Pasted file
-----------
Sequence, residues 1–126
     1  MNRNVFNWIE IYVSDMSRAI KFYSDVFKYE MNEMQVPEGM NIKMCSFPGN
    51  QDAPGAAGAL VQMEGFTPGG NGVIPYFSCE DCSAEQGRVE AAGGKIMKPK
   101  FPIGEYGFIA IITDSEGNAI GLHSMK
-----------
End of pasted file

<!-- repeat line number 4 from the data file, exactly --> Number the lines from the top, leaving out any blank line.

   101  FPIGEYGFIA IITDSEGNAI GLHSMK